We also have a female board member as well as female managers and General Managers serving in various leadership positions across the company.
But, I am going to be honest with you. While Saudi Aramco has made solid progress in the last couple of years, we still have a lot of work to do.
And that is why we are recruiting more talented and qualified females than ever before. In 2018, we hired twice as many females as we did in 2017 and more than half of these new female hires last year were in STEM-related roles.
I have no doubt that this positive trend will result in a substantial transformation of our workforce. Going forward, we will see more women holding more roles at all levels at Saudi Aramco.
I also firmly believe that advancements in Artificial Intelligence and other areas of technology will open up multiple doors of opportunity for women in the workforce.
For example, I fully expect to see women play a key role in fields like cyber-security in the years ahead.
To anyone who might doubt the ability of women to excel in such specialized IT roles, I have two words: Hajj Hackathon.
Saudi Aramco was a sponsor of this hackathon event last July in Jeddah. And the winners – who beat out some 3,000 other participants from around the world – were an all-female team from Saudi Arabia.
Clearly, there has been progress in the energy industry and also elsewhere in the Kingdom. The recent appointment of the first-ever female Saudi Ambassador should create even more momentum and provide further inspiration.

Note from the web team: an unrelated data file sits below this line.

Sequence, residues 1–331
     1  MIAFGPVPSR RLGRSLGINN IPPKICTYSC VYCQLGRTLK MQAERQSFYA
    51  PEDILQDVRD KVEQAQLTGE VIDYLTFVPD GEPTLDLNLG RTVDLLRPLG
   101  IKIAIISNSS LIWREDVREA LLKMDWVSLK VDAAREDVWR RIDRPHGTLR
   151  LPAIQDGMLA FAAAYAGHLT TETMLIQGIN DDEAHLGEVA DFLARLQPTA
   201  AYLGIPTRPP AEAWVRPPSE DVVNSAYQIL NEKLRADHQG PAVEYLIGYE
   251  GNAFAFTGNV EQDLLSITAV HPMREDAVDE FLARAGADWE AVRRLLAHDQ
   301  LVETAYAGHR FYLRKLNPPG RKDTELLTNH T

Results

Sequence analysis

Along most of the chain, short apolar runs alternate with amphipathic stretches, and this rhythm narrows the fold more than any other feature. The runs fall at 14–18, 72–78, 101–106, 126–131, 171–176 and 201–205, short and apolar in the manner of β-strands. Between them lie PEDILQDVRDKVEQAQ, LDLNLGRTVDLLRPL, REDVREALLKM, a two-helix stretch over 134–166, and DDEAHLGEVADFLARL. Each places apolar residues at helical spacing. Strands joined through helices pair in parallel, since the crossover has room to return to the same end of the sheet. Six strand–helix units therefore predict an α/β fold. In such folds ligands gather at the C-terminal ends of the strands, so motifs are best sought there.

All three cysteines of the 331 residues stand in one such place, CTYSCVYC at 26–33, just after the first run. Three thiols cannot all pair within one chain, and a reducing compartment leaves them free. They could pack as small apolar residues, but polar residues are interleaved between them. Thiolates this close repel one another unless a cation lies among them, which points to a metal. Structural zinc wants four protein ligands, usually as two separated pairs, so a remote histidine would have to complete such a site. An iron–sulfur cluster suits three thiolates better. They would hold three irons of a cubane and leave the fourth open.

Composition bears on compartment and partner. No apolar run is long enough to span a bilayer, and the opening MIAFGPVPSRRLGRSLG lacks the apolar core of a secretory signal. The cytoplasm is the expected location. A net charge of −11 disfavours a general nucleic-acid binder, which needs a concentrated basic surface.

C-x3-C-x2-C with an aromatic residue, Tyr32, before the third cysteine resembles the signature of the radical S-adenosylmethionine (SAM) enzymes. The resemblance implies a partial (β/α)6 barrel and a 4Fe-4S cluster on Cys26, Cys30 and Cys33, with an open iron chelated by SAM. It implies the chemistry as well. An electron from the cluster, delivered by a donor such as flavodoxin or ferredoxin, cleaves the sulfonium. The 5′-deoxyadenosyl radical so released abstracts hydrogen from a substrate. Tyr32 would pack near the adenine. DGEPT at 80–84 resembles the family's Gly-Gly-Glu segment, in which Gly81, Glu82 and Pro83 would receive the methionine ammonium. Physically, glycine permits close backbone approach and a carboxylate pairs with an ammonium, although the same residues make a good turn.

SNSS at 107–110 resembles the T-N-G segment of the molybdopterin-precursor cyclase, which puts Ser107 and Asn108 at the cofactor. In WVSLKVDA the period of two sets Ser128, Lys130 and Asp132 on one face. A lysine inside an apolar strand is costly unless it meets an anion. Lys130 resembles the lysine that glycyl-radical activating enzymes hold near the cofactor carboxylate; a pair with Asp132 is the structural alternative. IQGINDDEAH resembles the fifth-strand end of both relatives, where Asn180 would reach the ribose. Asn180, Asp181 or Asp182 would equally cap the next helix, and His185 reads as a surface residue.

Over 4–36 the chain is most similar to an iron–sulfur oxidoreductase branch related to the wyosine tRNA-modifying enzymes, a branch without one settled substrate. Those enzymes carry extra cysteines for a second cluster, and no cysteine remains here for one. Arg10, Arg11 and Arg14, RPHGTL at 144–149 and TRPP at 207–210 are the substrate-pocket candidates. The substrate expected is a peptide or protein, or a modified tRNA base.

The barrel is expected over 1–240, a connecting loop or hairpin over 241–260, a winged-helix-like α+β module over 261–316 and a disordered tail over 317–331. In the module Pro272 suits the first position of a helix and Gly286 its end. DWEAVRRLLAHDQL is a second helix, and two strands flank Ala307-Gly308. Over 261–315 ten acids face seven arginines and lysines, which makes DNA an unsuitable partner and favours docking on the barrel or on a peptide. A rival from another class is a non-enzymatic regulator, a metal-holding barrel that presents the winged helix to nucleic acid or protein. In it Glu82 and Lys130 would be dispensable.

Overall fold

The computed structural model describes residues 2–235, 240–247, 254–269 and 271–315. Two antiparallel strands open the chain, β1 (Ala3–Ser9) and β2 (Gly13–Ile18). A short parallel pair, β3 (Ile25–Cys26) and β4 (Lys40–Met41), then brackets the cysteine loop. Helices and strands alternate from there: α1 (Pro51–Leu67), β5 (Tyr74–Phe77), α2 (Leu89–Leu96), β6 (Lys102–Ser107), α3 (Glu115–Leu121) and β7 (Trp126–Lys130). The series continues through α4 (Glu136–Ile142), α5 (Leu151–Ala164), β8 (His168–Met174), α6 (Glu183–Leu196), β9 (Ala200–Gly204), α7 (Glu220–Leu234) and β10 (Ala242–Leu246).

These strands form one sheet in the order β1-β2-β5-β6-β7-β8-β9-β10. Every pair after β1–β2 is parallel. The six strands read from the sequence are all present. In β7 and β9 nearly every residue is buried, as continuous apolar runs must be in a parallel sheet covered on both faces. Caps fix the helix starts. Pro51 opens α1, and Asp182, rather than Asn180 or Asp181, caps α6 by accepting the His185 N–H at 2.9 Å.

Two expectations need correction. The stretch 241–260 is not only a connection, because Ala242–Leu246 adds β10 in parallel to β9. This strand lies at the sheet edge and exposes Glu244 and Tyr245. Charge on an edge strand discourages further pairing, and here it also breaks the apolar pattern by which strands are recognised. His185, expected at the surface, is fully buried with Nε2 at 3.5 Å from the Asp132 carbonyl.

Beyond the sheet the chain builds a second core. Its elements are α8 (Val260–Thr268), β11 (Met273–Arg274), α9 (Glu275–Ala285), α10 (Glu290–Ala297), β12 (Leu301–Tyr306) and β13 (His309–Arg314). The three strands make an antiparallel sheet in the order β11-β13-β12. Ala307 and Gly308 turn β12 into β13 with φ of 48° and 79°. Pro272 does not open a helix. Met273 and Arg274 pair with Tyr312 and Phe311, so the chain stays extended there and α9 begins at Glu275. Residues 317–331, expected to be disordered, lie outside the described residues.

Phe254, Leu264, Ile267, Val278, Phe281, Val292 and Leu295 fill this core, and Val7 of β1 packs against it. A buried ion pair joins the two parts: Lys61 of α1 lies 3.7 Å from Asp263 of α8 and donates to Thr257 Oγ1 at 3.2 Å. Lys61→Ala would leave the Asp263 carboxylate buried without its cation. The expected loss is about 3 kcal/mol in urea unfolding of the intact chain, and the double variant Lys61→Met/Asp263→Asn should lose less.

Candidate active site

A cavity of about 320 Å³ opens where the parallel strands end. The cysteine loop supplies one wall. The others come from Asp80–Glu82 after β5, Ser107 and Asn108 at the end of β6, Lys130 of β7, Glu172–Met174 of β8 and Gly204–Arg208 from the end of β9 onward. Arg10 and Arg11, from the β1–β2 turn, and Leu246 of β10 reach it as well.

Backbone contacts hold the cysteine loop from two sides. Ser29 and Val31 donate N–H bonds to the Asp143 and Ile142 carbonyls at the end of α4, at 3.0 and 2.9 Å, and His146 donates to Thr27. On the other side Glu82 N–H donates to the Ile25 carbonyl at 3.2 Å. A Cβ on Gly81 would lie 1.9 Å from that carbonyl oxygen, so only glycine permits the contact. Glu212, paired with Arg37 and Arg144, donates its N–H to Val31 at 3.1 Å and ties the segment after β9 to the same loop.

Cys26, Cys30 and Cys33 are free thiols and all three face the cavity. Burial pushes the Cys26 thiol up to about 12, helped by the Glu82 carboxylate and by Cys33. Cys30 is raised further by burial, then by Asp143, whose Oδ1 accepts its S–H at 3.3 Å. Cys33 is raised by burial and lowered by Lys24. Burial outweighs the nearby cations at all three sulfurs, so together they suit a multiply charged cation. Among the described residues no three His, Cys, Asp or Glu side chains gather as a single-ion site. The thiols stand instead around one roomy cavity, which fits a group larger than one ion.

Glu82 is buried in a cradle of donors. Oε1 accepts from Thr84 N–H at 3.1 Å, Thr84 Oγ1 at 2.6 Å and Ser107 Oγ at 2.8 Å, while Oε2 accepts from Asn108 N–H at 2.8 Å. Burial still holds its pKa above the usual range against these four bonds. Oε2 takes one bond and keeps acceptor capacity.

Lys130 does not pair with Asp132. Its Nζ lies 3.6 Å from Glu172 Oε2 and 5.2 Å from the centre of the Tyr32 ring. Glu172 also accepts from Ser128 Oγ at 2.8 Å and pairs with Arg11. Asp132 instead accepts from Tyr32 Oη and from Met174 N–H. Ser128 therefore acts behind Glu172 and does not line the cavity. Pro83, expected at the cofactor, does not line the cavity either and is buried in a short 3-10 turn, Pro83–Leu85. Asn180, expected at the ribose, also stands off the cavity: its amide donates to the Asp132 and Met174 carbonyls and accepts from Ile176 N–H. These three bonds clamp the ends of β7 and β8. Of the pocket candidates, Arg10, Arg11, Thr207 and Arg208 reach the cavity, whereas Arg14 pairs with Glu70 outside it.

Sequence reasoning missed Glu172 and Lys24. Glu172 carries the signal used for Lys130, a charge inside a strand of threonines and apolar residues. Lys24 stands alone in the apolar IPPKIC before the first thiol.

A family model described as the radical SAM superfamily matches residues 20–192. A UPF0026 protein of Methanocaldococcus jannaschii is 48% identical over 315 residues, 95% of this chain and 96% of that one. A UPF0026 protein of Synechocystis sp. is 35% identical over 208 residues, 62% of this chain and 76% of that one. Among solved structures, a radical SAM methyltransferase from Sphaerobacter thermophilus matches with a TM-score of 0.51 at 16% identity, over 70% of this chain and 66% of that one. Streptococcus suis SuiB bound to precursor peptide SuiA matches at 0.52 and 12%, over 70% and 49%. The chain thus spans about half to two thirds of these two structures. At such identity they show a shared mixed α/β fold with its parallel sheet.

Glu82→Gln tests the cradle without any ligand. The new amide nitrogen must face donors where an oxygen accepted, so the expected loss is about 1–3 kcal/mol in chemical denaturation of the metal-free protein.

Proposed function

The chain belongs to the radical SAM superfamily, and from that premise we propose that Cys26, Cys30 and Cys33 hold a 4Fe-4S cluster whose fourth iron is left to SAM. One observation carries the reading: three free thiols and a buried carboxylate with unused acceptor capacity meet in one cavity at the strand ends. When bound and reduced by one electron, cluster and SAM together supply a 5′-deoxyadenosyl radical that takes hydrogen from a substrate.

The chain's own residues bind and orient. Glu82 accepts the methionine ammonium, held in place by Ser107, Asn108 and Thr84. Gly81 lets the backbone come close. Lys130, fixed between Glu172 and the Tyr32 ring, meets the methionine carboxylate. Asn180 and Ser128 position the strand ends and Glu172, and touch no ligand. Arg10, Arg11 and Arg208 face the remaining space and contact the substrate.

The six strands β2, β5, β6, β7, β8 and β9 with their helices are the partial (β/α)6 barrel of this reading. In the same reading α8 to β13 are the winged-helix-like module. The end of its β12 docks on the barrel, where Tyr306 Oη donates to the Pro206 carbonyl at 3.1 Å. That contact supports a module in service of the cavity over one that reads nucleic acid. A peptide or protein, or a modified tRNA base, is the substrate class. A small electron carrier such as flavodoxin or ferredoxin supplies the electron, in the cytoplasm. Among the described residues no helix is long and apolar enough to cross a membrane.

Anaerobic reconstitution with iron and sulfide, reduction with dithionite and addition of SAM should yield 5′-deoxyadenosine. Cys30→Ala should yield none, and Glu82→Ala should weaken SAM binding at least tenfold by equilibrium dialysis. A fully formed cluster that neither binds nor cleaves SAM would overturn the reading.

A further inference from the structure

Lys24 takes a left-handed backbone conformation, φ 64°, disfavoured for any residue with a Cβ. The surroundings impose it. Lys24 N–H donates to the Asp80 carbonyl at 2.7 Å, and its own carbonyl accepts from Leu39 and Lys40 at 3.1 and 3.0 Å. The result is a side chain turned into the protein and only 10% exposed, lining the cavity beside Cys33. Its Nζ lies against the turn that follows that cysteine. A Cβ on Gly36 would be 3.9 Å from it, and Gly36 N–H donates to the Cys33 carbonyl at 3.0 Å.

What is also clear, however, is that it will not be easy moving the diversity needle further along – from impossible, to possible, all the way to commonplace.
For the oil and gas sector as a whole, a critical challenge is overcoming the misperception that the industry is a dead-end career for women. As the Global Energy Talent Index Report also notes: attracting more women to jobs in the energy sector is an obvious way to address the skills gap facing our industry.
For companies in general, the challenge will be to find ways to better balance the gender diversity within the talent pipeline. Saudi Aramco, for its part, is actively encouraging young women to enter the STEM educational stream and we are currently sponsoring some 300 females who are pursuing STEM-related degrees.
We are also working to promote gender diversity beyond Saudi Aramco through organizations like GROW, through initiatives such as the country’s first Women’s Business Park and through partnerships like the one we have with GE and Tata that created the first all-female Business Process Service Center in Riyadh.
As for people in leadership, the challenge ahead will be to continue to eliminate the barriers that hinder the ability of women to excel once they are in the workforce.
This includes providing both professional and personal support for women – everything from dedicated career advancement programs to expanding daycare services that make work-life balance better.
A key challenge for women, is not to get too discouraged by the pace of change.
In fact, let me conclude by speaking directly to the women in the audience on this very point.
Men, you are also welcome to listen along!
To the women here today, you are likely going to continue to encounter people at work who say to you: “just be patient”.
I want to be perfectly clear that I am not telling you to be patient.
Rather I am telling you to be prepared.
Be prepared for when more barriers come down in your workplace.
Be prepared for new job opportunities from new and evolving technology.
Also be prepared to compete for advancement on the basis of merit, as this will continue to be the foundation of any strong company.
And be prepared to mentor other women – and also men!
Be prepared to be a role model for those who will follow in your footsteps.
Ultimately, like the pioneering women who have come before you, be prepared to be persistent.